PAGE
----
2. A car as claimed in claim I, in which said brake controls a third signal generating providing a third signal to said bias means to regeneratively brake said motor by way of the inverter and the battery, said third signal generator being alone effective during slight braking but a mechanical braking system also controlled by the brake pedal becoming effective to brake the car harder if the brake pedal is depressed more than slightly.

3. A car as claimed in claim 1, in which said bias means comprises an adder and said signals fed to said bias means comprise analogue signals which are added in the adder to provide the bias signal to the inverter. I

Patent Citations
Cited PatentFiling datePublication dateApplicantTitle
US1423090 *Jul 21, 1920Jul 18, 1922Delano James KendallElectric motor vehicle
US3179199 *Jul 31, 1963Apr 20, 1965Moran Richard WElectrically propelled chair with compartmented propulsion and recharging systems
Referenced by
Citing PatentFiling datePublication dateApplicantTitle
US4124086 *Feb 10, 1978Nov 7, 1978Ford Motor CompanyElectric vehicle drive train having unipolar motor
US4318449 *Nov 9, 1978Mar 9, 1982Salisbury Winfield WElectric drive propulsion system for vehicles
US5489003 *May 28, 1993Feb 6, 1996Honda Giken Kogyo Kabushiki KaishaElectric vehicle
US5568024 *May 17, 1995Oct 22, 1996Fuji Jukogyo Kabushiki KaishaDrive control system and method for battery car
US5789877 *Apr 22, 1996Aug 4, 1998Toyota Jidosha Kabushiki KaishaPower transmitting apparatus and method of controlling the same
US5839529 *Jul 2, 1996Nov 24, 1998Depaoli; Michael T.Electrically powered drive train and vehicle
US5903112 *Apr 26, 1996May 11, 1999Toyota Jidosha Kabushiki KaishaPower output apparatus and method of controlling the same
US5903113 *Apr 26, 1996May 11, 1999Toyota Jidosha Kabushiki KaishaPower output apparatus and method of controlling the same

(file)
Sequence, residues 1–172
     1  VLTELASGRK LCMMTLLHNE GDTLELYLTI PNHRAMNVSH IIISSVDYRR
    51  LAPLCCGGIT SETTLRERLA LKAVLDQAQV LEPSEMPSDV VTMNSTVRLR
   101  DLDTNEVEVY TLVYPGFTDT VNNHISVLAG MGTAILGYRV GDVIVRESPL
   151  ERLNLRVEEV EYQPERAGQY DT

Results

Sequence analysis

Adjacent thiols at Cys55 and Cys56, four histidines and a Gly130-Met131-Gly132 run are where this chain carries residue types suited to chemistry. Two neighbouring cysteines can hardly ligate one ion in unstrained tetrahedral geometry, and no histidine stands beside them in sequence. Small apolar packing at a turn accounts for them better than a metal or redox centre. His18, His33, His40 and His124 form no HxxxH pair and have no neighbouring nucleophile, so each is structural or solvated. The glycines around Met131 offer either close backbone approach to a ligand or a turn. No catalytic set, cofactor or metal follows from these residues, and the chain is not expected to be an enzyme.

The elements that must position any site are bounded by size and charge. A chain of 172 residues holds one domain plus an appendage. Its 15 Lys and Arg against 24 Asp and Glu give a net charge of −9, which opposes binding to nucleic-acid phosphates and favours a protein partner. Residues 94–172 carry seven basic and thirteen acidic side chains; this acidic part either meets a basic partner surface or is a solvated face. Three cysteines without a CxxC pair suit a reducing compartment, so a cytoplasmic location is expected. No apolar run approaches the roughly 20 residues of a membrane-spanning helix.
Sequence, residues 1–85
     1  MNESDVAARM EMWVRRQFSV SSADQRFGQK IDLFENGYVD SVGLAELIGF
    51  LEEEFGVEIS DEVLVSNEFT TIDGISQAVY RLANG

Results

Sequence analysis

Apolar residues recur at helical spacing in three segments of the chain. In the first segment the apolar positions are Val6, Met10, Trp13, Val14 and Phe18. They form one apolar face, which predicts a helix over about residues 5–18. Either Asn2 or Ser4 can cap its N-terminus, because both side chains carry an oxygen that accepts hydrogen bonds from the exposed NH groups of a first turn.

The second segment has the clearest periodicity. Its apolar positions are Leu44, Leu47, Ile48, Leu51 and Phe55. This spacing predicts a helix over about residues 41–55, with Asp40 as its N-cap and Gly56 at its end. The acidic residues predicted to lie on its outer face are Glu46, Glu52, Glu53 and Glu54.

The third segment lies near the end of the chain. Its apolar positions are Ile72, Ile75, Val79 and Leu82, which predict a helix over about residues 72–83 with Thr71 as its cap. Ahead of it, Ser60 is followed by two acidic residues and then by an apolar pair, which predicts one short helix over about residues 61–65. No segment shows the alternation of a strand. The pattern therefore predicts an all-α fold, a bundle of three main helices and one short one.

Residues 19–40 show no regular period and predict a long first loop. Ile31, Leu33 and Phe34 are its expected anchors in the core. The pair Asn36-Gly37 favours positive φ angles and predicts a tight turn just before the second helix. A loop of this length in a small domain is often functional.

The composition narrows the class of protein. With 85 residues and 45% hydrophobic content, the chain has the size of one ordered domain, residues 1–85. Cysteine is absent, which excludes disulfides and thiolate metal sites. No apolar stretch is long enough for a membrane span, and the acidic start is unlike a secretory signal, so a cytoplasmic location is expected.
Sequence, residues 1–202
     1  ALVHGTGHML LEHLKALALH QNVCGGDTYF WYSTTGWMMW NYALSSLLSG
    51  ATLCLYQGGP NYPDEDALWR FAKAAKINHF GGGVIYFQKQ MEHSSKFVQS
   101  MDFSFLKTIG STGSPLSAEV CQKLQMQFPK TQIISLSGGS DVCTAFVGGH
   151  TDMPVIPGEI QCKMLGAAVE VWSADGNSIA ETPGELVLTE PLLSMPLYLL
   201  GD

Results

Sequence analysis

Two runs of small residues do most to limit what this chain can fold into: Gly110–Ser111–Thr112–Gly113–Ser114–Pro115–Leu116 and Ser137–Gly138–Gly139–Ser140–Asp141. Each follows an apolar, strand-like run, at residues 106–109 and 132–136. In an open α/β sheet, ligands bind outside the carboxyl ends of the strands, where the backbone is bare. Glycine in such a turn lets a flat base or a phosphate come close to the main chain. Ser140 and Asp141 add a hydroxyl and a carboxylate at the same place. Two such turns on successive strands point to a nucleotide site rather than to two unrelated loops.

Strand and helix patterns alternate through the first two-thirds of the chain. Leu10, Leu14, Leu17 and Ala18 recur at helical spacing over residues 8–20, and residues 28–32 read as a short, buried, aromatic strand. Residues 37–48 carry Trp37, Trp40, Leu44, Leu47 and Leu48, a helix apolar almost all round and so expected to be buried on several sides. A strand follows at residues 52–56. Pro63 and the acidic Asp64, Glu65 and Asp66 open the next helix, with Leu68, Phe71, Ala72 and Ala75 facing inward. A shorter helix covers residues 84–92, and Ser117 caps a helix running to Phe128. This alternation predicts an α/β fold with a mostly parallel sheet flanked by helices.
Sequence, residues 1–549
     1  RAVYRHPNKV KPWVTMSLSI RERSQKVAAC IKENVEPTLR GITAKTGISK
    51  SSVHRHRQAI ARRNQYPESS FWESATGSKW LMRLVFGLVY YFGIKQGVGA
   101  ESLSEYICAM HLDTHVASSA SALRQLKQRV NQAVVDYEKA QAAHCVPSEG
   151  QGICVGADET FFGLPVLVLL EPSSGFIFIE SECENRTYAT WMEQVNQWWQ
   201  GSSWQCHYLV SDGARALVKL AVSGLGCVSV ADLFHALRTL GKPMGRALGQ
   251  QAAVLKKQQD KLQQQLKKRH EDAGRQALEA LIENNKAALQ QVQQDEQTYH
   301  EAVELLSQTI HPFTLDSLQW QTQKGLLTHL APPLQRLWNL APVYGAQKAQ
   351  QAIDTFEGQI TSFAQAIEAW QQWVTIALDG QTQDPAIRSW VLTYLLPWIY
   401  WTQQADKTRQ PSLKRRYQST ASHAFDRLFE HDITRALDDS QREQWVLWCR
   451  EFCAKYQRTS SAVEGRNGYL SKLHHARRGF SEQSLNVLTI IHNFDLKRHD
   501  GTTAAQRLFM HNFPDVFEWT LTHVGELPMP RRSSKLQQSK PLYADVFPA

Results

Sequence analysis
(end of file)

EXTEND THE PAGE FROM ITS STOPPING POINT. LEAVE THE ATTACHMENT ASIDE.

US5905346 *Apr 26, 1996May 18, 1999Toyota Jidosha Kabushiki KaishaPower output apparatus and method of controlling the same
US5909094 *Apr 22, 1996Jun 1, 1999Toyota Jidosha Kabushiki KaishaPower output apparatus and method of controlling the same
US5920160 *Apr 23, 1996Jul 6, 1999Toyota Jidosha Kabushiki KaishaPower output apparatus and method of controlling the same
CN102271959BJan 12, 2010Apr 16, 2014通用汽车有限责任公司插入式车辆的远程功率使用管理
EP0537874A1 *Oct 13, 1992Apr 21, 1993FICHTEL & SACHS AGBrake device for non-trackbound vehicle
EP0572279A2 *May 28, 1993Dec 1, 1993Honda Giken Kogyo Kabushiki KaishaElectric vehicle
WO1993015926A1 *Feb 9, 1993Aug 19, 1993KranscoElectric drive system for a child's ridable vehicle
Classifications
U.S. Classification180/65.1
International ClassificationB60L9/18, B60L11/18, B60L15/20, H02P25/04, H02P27/06
Cooperative ClassificationB60L2220/12, Y02T10/646, Y02T10/7258, B60L7/14, Y02T90/127, B60L11/1811, B60L11/1814, B60L2240/36, Y02T90/14, B60L2250/26, Y02T10/7088, Y02T10/7005
European ClassificationB60L11/18L2C, B60L7/14, B60L11/18L2